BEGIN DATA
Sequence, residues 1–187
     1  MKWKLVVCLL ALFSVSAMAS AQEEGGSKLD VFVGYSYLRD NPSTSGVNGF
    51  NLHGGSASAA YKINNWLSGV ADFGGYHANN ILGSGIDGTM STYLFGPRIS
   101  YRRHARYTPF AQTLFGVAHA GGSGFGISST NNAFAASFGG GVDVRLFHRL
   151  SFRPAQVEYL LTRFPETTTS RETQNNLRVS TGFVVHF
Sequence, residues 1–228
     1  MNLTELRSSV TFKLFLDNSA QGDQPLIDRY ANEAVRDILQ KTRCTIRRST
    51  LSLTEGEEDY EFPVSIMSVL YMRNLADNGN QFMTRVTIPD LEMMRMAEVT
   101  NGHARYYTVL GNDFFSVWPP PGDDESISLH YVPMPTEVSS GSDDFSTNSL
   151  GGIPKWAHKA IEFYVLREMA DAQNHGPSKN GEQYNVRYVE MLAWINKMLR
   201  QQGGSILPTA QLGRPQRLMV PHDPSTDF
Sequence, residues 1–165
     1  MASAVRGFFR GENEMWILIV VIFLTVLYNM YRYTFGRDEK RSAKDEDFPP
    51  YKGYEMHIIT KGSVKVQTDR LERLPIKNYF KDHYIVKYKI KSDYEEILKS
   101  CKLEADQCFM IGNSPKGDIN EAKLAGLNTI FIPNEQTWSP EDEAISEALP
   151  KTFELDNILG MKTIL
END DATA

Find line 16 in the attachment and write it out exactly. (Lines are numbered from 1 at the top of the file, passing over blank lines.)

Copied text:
   151  KTFELDNILG MKTIL